In the developing age Information Technology, many political scientists and prominent government officials have become increasingly concerned about the ability of terrorist groups to execute cyber attacks and states’ vulnerabilities to these attacks. Cyberterrorism could potentially become an increasingly desirable tactic for terrorist groups given that they can be executed thousands of miles away from the target and are difficult to trace back to the perpetrator. In an October 2012 speech, United States Secretary of Defense Leon Panetta described the seriousness of a cyber attack on the United States: “A cyber attack perpetrated by nation states or violent extremists groups could be as destructive as the terrorist attack of 9/11. Such a destructive cyber terrorist attack could paralyze the nation.”[34] The term “cyberterrorism” was first coined by Barry Collin, a senior research fellow at the Institute for Security and Intelligence in California, in the 1980s.[35] The Center for Strategic and International Studies defines cyberterrorism as “the use of computer network tools to shut down critical national infrastructures (such as energy, transportation, government operations) or to coerce or intimidate a government or civilian population.”[36] Many experts believe that new vulnerabilities will be created as nations and their critical infrastructures become more dependent on computer networks for their operation.[36]

While concern is growing, cyberterrorism attacks still largely remain hypothetical, especially in the United States. In his report for the Center for Strategic and International Studies, James A Lewis writes that so far cyberterrorism has meant little more than propaganda and intelligence collection, and that no critical infrastructures have ever been shut down by cyber terrorist attacks.[36] Lewis also describes how terrorist groups like Al-Qaeda have made significant use of the Internet, but only as a tool for intra-group relations, fundraising, and public relations.[36] An Al-Qaeda training manual entitled “Military Studies in the Jihad Against the Tyrants” explicates that explosives are the preferred weapon of terrorists because “explosives strike the enemy with sheer terror and fright.”[36] While explosions are dramatic, strike fear into the hearts of opponents, and do lasting damage, cyber attacks, like some other types of terrorism tactics, simply do not have the same dramatic and political effect that terrorists seek. Some political scientists, like Lewis, argue that terrorist organizations like Al-Qaeda might use cyber attacks to disrupt emergency services in order to reinforce and multiply the effect of a physical attack.[36]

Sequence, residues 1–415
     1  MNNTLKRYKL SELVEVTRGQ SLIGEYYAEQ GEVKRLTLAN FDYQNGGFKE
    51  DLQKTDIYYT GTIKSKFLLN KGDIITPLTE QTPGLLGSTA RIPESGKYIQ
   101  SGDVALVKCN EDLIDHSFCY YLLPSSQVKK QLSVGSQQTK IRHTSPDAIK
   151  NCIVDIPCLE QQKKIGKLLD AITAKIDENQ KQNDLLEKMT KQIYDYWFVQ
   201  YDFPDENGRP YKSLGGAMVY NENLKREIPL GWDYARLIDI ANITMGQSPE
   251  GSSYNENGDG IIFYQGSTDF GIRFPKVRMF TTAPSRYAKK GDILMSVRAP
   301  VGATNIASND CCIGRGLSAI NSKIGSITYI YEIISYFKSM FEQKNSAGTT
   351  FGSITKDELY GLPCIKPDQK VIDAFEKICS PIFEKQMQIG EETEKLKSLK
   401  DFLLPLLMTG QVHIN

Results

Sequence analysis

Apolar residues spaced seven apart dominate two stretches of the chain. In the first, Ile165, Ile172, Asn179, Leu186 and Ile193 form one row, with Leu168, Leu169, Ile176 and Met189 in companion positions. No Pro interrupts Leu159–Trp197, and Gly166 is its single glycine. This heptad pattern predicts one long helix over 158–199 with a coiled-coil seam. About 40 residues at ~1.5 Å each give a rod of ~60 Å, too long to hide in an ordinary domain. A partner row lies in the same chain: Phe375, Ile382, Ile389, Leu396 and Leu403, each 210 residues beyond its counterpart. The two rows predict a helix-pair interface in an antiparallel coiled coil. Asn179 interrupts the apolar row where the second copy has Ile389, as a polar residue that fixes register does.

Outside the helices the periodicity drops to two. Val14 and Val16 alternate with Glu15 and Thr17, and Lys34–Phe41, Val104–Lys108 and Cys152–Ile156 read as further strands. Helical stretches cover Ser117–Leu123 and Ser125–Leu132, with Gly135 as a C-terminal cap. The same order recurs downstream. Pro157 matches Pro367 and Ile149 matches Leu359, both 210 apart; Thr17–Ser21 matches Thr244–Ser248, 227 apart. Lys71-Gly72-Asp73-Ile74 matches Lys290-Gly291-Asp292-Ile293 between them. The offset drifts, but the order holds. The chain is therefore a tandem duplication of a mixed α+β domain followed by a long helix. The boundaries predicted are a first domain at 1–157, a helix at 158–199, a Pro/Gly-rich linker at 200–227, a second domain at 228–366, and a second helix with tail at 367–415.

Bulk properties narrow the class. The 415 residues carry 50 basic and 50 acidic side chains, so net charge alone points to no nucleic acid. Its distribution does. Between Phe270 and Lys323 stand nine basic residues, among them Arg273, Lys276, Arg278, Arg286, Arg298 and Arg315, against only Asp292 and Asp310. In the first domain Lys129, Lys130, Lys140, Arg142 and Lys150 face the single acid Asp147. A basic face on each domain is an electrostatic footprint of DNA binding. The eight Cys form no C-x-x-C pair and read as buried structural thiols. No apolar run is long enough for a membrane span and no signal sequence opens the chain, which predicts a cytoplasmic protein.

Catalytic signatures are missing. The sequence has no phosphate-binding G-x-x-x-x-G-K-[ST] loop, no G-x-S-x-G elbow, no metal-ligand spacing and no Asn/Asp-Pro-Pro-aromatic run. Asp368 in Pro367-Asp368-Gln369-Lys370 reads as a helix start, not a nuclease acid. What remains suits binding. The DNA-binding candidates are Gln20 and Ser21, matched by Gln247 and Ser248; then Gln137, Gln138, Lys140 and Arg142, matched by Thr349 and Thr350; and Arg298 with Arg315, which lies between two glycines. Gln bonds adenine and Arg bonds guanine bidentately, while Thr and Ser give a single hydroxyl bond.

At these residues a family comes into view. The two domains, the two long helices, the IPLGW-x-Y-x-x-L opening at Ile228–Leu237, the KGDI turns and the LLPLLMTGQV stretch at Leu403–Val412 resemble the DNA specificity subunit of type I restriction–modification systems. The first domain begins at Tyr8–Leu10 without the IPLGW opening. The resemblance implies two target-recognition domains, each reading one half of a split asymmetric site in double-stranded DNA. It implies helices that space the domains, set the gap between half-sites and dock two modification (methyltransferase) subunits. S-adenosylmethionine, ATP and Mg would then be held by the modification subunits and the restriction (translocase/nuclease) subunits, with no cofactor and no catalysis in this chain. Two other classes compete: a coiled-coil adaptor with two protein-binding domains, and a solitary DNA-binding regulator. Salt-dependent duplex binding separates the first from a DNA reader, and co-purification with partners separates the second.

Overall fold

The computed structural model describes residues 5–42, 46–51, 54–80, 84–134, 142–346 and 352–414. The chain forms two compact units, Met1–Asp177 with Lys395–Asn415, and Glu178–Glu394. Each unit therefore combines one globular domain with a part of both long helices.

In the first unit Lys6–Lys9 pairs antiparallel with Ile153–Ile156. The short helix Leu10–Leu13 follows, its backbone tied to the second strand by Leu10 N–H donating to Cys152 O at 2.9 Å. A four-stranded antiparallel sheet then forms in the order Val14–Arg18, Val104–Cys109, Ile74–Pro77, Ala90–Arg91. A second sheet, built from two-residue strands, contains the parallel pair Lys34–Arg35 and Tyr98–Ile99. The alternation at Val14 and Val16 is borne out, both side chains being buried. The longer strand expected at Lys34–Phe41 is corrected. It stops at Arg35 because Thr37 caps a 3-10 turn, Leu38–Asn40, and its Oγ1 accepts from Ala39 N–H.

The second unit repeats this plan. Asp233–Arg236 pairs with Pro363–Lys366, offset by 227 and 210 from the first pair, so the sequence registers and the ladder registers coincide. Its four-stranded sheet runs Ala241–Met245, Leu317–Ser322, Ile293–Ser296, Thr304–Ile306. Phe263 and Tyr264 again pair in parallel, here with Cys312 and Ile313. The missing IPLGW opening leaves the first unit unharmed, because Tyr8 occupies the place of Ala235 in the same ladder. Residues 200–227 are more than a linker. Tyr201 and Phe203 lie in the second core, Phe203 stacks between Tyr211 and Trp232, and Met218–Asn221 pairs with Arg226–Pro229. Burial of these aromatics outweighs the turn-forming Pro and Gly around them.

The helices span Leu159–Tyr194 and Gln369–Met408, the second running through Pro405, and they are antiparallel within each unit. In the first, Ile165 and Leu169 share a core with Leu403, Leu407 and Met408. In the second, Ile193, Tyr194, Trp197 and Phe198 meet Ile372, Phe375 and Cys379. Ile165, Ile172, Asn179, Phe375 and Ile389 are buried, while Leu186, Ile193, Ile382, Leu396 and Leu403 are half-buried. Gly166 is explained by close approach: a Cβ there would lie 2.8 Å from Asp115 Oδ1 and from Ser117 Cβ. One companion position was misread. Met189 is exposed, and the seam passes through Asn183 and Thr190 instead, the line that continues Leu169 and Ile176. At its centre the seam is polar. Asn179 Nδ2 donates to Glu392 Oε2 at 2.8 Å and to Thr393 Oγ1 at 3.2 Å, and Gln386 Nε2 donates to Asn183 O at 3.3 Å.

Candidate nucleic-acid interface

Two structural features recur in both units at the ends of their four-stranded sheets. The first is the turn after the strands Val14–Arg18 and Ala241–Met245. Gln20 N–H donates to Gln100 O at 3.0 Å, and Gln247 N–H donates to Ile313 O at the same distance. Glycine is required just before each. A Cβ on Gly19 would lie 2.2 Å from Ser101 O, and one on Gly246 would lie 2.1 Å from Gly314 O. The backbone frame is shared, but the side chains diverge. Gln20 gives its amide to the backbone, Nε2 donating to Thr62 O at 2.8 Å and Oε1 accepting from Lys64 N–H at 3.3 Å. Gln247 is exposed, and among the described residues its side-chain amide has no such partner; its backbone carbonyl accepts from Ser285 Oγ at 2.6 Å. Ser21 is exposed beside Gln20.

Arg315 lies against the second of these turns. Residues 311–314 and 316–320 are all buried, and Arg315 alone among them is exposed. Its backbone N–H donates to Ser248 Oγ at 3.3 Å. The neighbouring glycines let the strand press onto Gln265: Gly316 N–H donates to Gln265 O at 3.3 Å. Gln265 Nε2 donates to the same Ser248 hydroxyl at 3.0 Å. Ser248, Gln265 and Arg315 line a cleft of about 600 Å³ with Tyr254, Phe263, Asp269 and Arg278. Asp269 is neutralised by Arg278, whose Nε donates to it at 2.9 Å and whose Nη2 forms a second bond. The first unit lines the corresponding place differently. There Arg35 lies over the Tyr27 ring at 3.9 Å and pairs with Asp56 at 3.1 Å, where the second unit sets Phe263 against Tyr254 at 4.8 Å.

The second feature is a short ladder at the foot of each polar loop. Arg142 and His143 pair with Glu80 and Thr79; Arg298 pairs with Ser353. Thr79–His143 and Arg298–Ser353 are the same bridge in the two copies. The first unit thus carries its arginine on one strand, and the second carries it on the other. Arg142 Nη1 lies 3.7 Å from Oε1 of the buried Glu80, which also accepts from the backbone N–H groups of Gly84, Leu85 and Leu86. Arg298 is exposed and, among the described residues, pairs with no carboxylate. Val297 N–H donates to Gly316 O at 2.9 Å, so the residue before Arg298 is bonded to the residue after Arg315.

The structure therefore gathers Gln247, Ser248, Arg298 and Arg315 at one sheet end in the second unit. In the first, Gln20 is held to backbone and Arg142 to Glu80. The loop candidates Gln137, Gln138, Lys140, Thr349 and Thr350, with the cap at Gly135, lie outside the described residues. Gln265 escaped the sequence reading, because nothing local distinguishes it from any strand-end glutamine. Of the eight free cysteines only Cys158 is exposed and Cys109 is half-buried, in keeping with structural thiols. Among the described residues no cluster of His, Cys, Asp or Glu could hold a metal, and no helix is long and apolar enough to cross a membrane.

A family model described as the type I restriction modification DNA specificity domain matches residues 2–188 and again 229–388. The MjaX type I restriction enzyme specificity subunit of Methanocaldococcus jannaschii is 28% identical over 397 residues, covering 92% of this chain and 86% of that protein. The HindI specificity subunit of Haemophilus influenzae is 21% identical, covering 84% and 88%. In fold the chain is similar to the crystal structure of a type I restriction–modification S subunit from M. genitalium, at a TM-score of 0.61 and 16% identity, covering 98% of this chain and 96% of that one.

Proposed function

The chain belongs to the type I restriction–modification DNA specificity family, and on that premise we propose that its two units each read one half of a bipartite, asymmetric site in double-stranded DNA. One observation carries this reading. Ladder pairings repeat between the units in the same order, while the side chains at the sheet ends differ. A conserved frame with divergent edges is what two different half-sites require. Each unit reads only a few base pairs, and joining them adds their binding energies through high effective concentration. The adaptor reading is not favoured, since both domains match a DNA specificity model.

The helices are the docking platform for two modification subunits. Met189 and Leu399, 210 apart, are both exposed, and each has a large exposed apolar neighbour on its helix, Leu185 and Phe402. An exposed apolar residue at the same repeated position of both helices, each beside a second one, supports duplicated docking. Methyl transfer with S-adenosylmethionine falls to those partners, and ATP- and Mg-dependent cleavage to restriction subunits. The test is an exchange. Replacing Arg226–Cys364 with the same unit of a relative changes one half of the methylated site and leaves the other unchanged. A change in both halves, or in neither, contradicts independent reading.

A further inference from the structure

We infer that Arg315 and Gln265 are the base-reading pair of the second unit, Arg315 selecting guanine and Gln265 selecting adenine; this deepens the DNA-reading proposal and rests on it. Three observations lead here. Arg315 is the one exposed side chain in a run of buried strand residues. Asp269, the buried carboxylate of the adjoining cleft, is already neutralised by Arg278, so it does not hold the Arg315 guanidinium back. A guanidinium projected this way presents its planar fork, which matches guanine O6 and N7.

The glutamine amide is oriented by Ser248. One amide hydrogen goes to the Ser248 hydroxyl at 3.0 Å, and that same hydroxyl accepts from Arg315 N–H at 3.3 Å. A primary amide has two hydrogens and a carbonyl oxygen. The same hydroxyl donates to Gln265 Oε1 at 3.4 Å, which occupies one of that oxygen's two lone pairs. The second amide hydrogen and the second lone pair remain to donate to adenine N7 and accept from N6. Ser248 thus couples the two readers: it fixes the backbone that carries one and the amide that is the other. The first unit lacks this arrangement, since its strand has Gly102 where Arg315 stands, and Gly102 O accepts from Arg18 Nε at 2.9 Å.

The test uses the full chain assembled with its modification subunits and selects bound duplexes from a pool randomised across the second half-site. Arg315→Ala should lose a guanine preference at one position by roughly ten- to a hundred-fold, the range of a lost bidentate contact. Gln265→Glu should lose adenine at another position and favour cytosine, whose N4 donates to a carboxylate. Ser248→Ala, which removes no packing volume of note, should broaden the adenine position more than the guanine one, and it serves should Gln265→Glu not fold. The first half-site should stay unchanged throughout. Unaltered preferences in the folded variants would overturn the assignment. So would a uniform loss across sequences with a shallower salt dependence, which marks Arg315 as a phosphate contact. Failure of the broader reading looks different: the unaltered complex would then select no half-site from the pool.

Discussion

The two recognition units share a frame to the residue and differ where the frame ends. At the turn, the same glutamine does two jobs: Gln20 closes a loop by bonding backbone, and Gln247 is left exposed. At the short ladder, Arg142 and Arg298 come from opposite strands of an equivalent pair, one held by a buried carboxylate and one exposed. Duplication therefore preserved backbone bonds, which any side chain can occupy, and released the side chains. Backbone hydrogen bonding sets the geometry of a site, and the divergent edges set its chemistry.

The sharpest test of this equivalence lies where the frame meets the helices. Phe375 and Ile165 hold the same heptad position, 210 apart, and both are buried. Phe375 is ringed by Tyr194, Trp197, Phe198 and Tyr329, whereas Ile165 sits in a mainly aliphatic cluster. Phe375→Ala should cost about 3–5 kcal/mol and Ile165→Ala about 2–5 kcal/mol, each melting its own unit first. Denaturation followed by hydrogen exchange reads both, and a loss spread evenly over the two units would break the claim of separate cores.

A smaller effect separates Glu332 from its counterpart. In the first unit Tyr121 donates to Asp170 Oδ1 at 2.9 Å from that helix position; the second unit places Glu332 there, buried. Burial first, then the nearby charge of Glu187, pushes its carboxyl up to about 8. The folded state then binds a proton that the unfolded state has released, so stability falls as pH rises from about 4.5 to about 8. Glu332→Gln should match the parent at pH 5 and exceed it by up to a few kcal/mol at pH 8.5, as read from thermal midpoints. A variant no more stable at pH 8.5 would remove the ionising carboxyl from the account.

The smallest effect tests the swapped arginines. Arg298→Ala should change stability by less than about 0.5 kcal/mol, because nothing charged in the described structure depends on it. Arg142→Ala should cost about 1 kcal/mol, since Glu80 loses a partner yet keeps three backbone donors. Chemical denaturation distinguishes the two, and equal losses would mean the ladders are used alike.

Conventional firearmsEdit

Despite the popular image of terrorism as bombings alone, and the large number of casualties and higher media impact associated with bombings, conventional firearms are as much if not more pervasive in their use.[37] For example, in the second part of the 2011 Norway attacks, 77 people were killed by Anders Behring Breivik, a man armed with two guns. The 2008 Mumbai terrorist attacks were done partly by guns and partly by bombs. Also, one Transportation Security Administration officer was killed and few others injured by a man with an assault rifle in the 2013 Los Angeles International Airport shooting.

In 2015, Omar Mateen killed 50 people with firearms during Orlando nightclub shooting.

In 2004, the European Council recognized the "need to ensure terrorist organisations and groups are starved of the components of their trade," including “the need to ensure greater security of firearms, explosives, bomb-making equipment and technologies that contribute to the perpetration of terrorist outrages."[38]


Stabbing attacks are inexpensive and easy to carry out, but very difficult for security services to prevent.[39]

Secondary attacksEdit

Terrorist groups may arrange for secondary devices to detonate at a slightly later time in order to kill emergency-response personnel attempting to attend to the dead and wounded. Repeated or suspected use of secondary devices can also delay emergency response out of concern that such devices may exist. Examples include a (failed) device that was meant to release cyanide-gas during the February 26, 1993 World Trade Center bombing; and a second car bomb that detonated 20 minutes after the December 1, 2001 Ben Yehuda Street Bombing by Hamas in Jerusalem.


There are and have been training camps for terrorists. The range of training depends greatly on the level of support the terrorist organization receives from various organizations and states. In nearly every case the training incorporates the philosophy and agenda of the groups leadership as justification for the training as well as the potential acts of terrorism which may be committed. State sanctioned training is by far the most extensive and thorough, often employing professional soldiers and covert operatives of the supporting state.